truss

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truss

 [trus]
an elastic, canvas, or metallic device for retaining a reduced hernia within the abdominal cavity.

truss

(trŭs),
An appliance designed to prevent the return of a reduced hernia or the increase in size of a hernia; it consists of a pad attached to a belt and kept in place by a spring or straps.
[Fr. trousser, to tie up, to pack]

truss

(trus) an elastic, canvas, or metallic device for retaining a reduced hernia within the abdominal cavity.

truss

(trŭs)
n.
Medicine A supportive device, usually a pad with a belt, worn to prevent enlargement of a hernia or the return of a reduced hernia.
tr.v. trussed, trussing, trusses
To support or brace with a truss.

truss

Etymology: Fr, trousser, to pack up
an apparatus worn to prevent or retard the herniation of the intestines or other organ through an opening in the abdominal wall.

truss

(trŭs)
An appliance designed to prevent the return of a reduced hernia or the increase in size of an irreducible hernia; it consists of a pad attached to a belt and kept in place by a spring or straps.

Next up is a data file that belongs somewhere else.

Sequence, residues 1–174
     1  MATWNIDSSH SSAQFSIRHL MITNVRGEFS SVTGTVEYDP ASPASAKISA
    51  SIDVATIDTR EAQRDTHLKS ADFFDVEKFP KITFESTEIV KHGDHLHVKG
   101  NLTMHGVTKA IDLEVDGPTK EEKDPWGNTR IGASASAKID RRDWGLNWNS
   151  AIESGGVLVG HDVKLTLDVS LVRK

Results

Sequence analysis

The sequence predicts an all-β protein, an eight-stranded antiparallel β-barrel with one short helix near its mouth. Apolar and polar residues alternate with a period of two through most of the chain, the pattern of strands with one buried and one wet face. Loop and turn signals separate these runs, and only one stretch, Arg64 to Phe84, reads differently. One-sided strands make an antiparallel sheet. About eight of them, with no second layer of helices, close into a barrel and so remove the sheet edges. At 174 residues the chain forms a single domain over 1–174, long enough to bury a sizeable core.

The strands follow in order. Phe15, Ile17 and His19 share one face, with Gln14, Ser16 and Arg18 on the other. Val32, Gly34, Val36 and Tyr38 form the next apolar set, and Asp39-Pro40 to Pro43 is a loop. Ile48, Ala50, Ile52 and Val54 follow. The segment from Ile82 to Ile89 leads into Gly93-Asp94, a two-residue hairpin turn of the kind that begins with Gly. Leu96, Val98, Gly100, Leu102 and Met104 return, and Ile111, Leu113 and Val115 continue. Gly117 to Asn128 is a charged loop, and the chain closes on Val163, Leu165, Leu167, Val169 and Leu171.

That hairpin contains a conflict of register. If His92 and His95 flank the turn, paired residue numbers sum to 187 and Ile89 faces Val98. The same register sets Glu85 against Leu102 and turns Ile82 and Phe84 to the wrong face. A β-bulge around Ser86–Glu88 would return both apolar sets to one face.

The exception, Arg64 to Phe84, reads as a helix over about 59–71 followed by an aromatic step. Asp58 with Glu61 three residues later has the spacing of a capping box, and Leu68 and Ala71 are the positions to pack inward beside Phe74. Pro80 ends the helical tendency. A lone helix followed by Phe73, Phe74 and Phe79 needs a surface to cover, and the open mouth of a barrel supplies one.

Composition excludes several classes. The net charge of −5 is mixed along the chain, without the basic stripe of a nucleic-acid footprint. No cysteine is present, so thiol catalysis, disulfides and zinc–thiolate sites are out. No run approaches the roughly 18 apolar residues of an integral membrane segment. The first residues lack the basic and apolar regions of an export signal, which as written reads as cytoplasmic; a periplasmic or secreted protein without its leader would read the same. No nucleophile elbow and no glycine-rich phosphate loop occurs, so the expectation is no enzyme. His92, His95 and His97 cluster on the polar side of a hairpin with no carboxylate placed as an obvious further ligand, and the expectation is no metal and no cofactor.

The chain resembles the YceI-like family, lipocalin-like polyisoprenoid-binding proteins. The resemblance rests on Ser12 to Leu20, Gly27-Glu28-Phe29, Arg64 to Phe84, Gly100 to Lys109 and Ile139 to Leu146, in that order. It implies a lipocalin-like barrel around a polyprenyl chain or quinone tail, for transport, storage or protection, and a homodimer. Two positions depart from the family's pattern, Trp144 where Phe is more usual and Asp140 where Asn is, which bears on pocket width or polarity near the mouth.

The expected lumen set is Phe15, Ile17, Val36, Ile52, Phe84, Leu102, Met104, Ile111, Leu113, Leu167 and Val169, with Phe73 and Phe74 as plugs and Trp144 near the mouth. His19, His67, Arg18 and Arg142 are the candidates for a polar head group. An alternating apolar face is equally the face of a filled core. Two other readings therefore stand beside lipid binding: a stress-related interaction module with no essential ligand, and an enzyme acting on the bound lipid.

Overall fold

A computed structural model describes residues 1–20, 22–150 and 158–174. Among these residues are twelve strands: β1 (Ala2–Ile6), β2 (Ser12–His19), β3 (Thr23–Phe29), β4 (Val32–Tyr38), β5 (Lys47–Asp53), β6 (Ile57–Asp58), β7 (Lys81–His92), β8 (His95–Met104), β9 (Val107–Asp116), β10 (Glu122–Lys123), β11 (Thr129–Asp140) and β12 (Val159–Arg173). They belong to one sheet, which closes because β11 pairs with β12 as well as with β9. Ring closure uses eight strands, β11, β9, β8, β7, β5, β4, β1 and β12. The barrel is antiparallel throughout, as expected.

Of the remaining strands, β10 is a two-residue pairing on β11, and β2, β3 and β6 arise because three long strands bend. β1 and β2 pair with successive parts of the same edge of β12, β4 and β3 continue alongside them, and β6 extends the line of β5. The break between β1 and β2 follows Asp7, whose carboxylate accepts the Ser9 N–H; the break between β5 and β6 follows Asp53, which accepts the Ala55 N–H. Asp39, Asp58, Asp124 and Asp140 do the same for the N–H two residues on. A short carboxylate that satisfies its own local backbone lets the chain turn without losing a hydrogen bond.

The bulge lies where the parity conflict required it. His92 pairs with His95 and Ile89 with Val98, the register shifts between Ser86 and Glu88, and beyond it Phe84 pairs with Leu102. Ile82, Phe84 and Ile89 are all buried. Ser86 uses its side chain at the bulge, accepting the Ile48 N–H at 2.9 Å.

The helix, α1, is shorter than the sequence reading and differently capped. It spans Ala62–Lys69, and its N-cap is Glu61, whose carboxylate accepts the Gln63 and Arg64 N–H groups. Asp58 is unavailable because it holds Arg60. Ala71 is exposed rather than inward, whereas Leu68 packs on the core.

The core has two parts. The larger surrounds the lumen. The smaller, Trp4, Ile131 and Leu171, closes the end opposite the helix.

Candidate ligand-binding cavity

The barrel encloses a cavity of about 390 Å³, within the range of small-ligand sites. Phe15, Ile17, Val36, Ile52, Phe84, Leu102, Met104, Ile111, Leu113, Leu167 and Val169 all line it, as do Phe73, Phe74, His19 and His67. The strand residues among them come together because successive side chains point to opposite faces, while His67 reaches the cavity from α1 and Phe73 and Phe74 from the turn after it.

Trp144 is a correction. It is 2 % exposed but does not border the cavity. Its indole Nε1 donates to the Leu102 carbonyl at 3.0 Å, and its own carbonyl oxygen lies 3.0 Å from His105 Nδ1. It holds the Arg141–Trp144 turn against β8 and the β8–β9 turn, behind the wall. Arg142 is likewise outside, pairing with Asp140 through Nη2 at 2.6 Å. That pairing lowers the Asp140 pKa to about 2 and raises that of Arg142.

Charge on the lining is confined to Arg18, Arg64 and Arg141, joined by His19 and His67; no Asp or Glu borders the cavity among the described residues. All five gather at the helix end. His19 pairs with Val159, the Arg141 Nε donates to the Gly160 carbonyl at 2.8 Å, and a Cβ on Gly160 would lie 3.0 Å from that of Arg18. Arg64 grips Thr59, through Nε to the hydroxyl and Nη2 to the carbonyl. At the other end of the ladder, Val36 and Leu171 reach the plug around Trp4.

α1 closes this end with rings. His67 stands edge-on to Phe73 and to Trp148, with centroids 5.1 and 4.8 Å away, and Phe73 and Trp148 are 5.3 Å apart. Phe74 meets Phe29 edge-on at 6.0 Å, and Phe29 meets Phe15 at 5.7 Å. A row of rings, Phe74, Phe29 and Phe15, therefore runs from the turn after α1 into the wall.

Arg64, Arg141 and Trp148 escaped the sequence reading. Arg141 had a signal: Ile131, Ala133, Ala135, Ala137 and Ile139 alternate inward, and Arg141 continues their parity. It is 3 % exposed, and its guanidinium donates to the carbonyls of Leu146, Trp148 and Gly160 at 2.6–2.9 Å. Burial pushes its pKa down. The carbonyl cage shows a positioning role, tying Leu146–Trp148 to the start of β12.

[Fr. trousser, to tie up, to pack]

truss

A belt-like appliance with a pad that exerts pressure over the orifice of a HERNIA so as to prevent protrusion of the bowel. This is an unsatisfactory substitute for surgical repair.
References in periodicals archive ?
The decay, termite attack, mold, blue stain, and paint on the trussed round-wood members were investigated after long-term exposure to the weather.
Bertolli, in his directions for roasting chicken, urges that the legs be trussed just loosely so the inner thighs are well exposed to heat; that bird came out of the oven more evenly cooked than any of the others.
The shell and the thin blade-like trussed arches are further related by outriggers which stabilise the shell and add increased longitudinal stiffening.
Long paired steel rafters are trussed with steel rods and propped at their third points with inclined tubular steel struts that spring f rom the spine and rise without support to the base of the trusses.